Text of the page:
A new report by some of New York’s key criminal justice players recommends major changes to the state’s sentencing system. The report, which will be released on Wednesday, would reduce the length of prison sentences and broaden eligibility for probation and other alternatives to incarceration for about one-third of the felony convictions New York hands down each year. The report would also end the state parole board’s traditional role as the arbiter of when, exactly, prisoners go home.
With more than 50,000 people imprisoned in New York State, even small sentencing changes can make a big difference. “If you increase the time served even by three months across 10,000 people, you’re going to generate a whole lot more imprisonment,” says Martin Horn, executive director of the New York State Sentencing Commission, which produced the report.
Jonathan Lippman, chief judge of the state’s highest court, established the commission in 2010 to craft a simpler, more transparent sentencing scheme. “He did not specifically charge us to reduce the prison population,” Horn says. “If that turns out to be a side benefit, that’s terrific.”
At this point, the commission’s recommendations are just that — recommendations. The suggested changes were compiled into a piece of draft legislation that the committee has submitted to the state legislature. But the bill so far has no sponsor, and the prospect of fewer prison beds — and, by extension, fewer prisons — has traditionally faced fierce opposition by the New York state correctional officers union and by legislators representing the upstate communities where most of the state’s prisons are located. As it is, upstate District Attorney Kathleen Hogan, who served on the Commission, says she would not support the legislation. “I would support the idea of migrating to determinate sentences, but I think that the numbers are too low,” she told The Marshall Project. Gov. Andrew Cuomo has not said whether he will support the proposals.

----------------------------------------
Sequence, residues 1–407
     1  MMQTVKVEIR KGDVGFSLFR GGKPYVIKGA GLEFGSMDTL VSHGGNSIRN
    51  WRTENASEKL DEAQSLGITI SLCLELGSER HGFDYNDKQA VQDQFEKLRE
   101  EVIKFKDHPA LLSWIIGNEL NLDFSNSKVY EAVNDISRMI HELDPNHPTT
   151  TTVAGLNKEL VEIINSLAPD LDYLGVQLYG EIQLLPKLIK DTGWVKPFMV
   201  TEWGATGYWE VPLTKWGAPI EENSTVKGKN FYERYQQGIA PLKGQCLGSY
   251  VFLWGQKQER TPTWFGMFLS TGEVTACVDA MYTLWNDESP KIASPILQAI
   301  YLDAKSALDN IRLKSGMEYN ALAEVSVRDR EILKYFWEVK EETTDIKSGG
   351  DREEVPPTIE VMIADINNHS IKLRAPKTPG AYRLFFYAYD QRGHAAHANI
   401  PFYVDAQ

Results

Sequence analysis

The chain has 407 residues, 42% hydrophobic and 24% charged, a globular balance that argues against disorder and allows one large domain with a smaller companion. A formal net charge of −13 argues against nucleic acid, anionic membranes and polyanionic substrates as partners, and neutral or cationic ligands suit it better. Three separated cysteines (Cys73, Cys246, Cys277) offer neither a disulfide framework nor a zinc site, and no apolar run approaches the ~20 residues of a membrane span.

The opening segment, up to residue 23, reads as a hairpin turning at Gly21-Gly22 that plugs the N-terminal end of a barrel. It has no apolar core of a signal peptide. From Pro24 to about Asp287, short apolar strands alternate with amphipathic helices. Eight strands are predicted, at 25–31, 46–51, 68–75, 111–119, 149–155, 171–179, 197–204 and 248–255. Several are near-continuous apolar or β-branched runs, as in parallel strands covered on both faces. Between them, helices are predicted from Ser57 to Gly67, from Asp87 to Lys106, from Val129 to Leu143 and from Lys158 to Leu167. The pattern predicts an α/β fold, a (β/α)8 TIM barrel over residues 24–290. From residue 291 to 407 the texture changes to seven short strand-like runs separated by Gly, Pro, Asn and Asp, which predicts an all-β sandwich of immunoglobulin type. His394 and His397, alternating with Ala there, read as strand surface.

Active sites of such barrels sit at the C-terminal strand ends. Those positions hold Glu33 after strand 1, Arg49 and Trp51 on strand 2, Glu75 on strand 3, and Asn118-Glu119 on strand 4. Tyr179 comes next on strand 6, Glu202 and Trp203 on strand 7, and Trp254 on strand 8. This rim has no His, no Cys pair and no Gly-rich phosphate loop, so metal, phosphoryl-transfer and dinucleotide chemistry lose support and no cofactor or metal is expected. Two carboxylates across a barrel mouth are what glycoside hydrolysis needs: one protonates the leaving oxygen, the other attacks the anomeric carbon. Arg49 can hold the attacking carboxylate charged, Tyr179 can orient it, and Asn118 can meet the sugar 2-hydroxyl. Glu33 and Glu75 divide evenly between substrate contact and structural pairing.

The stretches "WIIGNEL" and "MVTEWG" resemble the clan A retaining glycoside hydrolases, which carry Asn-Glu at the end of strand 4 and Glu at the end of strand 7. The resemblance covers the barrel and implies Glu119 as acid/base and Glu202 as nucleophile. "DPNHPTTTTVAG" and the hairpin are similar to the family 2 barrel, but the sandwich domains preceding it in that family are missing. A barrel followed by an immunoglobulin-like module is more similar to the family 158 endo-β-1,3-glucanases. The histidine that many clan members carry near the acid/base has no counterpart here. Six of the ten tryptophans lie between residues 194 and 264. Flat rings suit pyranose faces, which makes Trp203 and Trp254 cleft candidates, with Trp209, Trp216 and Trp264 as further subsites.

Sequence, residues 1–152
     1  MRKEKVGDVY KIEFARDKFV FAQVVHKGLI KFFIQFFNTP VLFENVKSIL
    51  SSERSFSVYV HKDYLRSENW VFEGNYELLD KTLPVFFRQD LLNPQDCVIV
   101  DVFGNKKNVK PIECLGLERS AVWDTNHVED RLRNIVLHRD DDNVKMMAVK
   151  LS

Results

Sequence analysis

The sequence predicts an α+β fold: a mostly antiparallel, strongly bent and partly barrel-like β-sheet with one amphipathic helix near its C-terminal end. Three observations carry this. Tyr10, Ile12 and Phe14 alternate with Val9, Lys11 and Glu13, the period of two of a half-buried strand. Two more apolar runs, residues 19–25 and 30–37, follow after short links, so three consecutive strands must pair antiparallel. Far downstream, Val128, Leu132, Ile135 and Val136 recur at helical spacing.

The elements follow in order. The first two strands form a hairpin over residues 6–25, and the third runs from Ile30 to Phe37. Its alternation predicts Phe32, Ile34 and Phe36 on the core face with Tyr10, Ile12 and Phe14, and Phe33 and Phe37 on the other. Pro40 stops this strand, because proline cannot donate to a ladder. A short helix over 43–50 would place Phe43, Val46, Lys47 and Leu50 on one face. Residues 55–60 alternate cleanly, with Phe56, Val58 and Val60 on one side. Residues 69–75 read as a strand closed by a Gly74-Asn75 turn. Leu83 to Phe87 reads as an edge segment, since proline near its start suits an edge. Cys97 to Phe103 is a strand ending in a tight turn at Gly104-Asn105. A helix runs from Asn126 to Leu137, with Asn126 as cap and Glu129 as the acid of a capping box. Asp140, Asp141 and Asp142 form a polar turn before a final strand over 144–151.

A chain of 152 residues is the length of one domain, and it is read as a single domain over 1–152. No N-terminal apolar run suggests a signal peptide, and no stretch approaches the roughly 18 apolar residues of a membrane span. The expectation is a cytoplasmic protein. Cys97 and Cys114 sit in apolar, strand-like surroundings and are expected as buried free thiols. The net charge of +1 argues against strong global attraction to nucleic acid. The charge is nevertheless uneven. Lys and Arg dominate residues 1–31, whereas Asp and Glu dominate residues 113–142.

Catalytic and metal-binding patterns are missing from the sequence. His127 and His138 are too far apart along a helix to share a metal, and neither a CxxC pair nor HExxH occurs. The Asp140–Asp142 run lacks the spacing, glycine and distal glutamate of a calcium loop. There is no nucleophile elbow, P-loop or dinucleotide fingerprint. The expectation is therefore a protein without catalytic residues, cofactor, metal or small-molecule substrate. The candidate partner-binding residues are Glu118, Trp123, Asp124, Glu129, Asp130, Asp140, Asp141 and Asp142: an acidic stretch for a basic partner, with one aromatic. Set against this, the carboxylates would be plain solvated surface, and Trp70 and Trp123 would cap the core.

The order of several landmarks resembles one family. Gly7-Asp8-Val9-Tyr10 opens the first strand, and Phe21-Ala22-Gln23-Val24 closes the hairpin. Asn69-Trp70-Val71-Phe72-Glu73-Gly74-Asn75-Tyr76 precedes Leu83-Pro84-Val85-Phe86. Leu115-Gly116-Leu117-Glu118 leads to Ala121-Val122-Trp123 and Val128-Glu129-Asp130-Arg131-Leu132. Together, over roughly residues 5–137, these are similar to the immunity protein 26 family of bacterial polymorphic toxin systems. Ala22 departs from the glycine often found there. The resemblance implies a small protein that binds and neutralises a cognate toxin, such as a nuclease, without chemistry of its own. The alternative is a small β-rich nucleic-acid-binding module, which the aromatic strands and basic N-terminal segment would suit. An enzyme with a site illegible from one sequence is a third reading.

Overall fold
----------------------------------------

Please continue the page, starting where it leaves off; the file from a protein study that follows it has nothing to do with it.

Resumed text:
New York’s body of sentencing laws is a patchwork, with the history of the state’s changing politics woven into it and over it. As a result, the new report says, sentencing is “confusing and misleading” for prisoners and victims alike.
Historically, New York State’s sentences were all indeterminate: a judge could hand down a range of years that a prisoner might serve (such as 1-to-3 or 5-to-15). When during that window the person would actually go home was unpredictable: it was up to a parole board.